Education system starting to ‘normalise’

South Korea’s education system is both inspiring and intimidating. The country’s 15-year-olds ranked fourth in science (excluding Shanghai and Hong Kong), second in maths and first in reading in the 2009 Programme for International Student Assessment, or PISA. Its youngsters aged between 16 and 24 did equally well in the OECD’s international survey of adult skills, released this month, reports The Economist.

But South Korea’s enthusiasm for education has also been likened to a “fever”. Students spend long hours in hagwon, private cram schools, trying to outdo their peers in crucial exams and tests that have lasting consequences for their subsequent careers. In principle these tests are simply a measuring device, allowing universities and employers to rank students according to their underlying abilities.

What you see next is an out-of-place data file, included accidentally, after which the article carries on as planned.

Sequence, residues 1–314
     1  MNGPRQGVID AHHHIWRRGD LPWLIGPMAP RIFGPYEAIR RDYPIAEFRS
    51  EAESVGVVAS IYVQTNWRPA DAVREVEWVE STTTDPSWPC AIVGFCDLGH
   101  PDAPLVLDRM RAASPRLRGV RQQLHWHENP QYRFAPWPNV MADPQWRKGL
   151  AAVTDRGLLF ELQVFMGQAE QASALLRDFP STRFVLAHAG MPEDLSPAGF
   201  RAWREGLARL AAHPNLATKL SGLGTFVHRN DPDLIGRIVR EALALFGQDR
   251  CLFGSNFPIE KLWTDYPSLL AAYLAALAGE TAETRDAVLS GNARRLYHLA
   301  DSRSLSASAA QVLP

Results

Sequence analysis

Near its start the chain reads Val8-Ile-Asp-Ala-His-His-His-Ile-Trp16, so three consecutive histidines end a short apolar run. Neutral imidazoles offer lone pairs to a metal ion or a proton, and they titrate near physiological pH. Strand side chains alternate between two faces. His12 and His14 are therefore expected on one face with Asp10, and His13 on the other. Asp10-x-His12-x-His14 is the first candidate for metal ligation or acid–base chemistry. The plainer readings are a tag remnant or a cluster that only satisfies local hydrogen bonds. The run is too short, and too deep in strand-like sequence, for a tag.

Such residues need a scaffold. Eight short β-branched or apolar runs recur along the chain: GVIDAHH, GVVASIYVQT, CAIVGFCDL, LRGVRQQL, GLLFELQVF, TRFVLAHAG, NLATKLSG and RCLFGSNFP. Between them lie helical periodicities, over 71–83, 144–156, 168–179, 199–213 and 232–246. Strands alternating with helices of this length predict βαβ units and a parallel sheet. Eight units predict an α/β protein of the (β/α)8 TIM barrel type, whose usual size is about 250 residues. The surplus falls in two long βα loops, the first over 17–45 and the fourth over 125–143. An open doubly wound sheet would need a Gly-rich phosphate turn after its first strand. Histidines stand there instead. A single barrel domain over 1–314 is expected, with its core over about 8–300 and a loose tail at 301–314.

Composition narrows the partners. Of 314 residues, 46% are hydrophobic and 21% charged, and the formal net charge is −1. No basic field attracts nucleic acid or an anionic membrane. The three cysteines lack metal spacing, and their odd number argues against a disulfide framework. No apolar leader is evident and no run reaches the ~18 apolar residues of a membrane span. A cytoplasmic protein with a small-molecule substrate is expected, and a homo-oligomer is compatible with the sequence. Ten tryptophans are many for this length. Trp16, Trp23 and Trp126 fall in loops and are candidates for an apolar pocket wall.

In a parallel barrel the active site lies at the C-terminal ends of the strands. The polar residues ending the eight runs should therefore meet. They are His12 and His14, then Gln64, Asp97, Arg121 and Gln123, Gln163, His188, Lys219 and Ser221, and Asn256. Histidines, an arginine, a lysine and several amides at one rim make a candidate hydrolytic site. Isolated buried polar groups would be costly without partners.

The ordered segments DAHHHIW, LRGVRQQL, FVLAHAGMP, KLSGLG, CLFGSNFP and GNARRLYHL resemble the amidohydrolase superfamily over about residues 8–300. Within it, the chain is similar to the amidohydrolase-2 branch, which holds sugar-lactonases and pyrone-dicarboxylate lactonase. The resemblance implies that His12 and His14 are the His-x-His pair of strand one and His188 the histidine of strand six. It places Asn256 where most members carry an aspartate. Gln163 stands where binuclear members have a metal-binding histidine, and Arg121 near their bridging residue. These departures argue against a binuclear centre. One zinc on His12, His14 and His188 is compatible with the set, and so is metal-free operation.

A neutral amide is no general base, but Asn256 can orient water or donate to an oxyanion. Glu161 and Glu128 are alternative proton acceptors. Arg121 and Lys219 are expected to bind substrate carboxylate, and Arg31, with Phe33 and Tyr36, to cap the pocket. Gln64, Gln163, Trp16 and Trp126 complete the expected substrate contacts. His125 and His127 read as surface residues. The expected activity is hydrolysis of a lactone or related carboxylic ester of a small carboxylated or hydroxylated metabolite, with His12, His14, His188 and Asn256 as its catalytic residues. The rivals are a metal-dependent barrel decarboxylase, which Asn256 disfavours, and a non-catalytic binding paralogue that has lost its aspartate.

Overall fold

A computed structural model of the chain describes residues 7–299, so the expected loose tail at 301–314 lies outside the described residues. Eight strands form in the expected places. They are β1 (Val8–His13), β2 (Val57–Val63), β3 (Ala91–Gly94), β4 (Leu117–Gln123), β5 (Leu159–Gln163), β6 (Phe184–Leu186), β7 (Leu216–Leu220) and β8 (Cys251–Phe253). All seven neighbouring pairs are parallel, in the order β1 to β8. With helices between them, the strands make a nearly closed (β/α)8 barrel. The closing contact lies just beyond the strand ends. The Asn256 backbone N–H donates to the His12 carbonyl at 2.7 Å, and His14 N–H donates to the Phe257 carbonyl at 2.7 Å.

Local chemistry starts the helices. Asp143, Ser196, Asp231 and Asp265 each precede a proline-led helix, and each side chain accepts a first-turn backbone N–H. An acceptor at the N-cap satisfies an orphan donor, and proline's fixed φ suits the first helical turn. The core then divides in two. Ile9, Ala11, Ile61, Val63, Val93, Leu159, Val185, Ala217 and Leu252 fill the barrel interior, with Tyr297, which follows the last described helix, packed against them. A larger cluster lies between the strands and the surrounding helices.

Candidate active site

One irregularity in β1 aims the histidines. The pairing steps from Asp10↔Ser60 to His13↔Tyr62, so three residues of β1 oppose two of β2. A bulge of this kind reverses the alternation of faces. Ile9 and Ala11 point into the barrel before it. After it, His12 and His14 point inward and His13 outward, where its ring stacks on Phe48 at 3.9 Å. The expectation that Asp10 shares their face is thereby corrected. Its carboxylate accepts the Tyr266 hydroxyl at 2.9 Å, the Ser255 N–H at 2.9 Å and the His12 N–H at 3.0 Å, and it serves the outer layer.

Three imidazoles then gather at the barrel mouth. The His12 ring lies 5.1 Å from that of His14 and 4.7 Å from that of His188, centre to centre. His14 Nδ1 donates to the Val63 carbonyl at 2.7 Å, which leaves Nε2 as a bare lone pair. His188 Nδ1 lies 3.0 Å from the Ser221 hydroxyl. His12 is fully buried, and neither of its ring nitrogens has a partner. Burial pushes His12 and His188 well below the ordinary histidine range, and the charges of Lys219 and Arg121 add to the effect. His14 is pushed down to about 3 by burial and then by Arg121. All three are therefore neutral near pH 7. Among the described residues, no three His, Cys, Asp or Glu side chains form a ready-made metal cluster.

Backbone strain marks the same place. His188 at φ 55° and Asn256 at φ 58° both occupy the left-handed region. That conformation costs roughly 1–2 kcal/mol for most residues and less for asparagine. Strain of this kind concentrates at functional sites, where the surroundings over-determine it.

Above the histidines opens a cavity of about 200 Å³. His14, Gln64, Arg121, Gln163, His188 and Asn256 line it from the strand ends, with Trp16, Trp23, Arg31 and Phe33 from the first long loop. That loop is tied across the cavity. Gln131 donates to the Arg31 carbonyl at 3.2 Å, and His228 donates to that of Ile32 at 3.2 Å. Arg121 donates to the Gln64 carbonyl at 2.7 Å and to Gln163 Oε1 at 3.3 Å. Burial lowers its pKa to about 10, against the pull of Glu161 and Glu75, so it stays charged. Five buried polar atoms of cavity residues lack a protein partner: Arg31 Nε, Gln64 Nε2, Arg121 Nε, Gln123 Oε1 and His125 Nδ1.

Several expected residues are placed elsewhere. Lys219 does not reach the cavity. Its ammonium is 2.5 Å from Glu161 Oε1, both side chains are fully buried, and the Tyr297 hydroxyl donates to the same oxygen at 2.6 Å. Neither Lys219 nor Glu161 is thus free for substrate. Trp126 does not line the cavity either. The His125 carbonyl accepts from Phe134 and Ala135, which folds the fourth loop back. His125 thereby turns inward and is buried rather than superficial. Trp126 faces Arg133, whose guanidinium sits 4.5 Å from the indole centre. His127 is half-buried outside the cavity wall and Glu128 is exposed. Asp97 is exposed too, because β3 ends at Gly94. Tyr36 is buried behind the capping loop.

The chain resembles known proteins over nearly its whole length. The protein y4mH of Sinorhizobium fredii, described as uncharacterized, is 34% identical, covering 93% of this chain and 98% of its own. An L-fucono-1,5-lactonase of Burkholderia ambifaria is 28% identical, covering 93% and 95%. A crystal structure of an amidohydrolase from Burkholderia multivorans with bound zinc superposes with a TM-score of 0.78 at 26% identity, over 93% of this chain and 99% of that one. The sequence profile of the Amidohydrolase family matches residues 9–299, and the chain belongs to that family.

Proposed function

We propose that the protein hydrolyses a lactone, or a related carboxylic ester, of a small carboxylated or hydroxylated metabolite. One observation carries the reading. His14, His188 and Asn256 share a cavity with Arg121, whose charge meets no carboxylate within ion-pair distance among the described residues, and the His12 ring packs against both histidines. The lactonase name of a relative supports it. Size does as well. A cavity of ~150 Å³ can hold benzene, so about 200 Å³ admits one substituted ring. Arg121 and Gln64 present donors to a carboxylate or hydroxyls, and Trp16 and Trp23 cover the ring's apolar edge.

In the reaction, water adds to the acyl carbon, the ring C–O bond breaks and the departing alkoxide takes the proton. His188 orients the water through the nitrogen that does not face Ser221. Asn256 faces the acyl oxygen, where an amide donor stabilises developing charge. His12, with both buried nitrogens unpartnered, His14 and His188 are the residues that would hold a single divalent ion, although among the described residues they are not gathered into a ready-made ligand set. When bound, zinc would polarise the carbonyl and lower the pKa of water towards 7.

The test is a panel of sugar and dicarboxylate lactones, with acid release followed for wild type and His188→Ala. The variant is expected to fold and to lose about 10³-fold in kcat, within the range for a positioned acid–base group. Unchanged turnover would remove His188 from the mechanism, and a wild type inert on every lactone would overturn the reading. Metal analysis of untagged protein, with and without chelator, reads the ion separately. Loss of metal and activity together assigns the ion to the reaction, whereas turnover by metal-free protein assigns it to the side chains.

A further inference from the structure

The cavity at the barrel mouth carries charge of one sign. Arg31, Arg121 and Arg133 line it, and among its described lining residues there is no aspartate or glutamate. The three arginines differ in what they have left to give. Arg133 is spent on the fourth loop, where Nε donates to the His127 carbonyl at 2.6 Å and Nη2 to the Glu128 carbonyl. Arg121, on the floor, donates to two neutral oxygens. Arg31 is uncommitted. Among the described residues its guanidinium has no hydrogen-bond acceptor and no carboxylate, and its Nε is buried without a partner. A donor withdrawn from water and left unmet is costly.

The man in charge of this inspiring and intimidating education system is Seo Nam-soo, who became minister of education in March 2013. In an interview, Seo argued that South Korea’s passion for university was “normalising”. He also pointed out that universities were looking beyond tests results to take a broader view of applicants. Finally, he suggested that South Korean society itself was becoming more diverse and less “monotonous” in its aspirations.
Full report on The Economist site